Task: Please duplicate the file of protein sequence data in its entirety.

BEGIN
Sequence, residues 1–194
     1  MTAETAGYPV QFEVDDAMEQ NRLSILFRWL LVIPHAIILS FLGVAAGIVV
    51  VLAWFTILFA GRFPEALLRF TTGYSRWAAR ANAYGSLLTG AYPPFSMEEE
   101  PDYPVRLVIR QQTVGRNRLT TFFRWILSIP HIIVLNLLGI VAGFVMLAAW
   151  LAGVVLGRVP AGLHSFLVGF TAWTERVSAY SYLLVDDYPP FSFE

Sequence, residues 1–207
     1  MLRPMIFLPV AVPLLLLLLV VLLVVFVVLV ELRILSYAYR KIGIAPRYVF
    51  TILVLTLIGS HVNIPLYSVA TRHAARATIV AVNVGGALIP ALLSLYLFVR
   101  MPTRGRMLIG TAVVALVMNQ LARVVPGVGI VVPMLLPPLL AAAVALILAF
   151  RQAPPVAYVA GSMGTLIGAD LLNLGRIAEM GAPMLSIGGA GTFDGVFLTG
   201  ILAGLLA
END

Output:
Sequence, residues 1–194
     1  MTAETAGYPV QFEVDDAMEQ NRLSILFRWL LVIPHAIILS FLGVAAGIVV
    51  VLAWFTILFA GRFPEALLRF TTGYSRWAAR ANAYGSLLTG AYPPFSMEEE
   101  PDYPVRLVIR QQTVGRNRLT TFFRWILSIP HIIVLNLLGI VAGFVMLAAW
   151  LAGVVLGRVP AGLHSFLVGF TAWTERVSAY SYLLVDDYPP FSFE

Sequence, residues 1–207
     1  MLRPMIFLPV AVPLLLLLLV VLLVVFVVLV ELRILSYAYR KIGIAPRYVF
    51  TILVLTLIGS HVNIPLYSVA TRHAARATIV AVNVGGALIP ALLSLYLFVR
   101  MPTRGRMLIG TAVVALVMNQ LARVVPGVGI VVPMLLPPLL AAAVALILAF
   151  RQAPPVAYVA GSMGTLIGAD LLNLGRIAEM GAPMLSIGGA GTFDGVFLTG
   201  ILAGLLA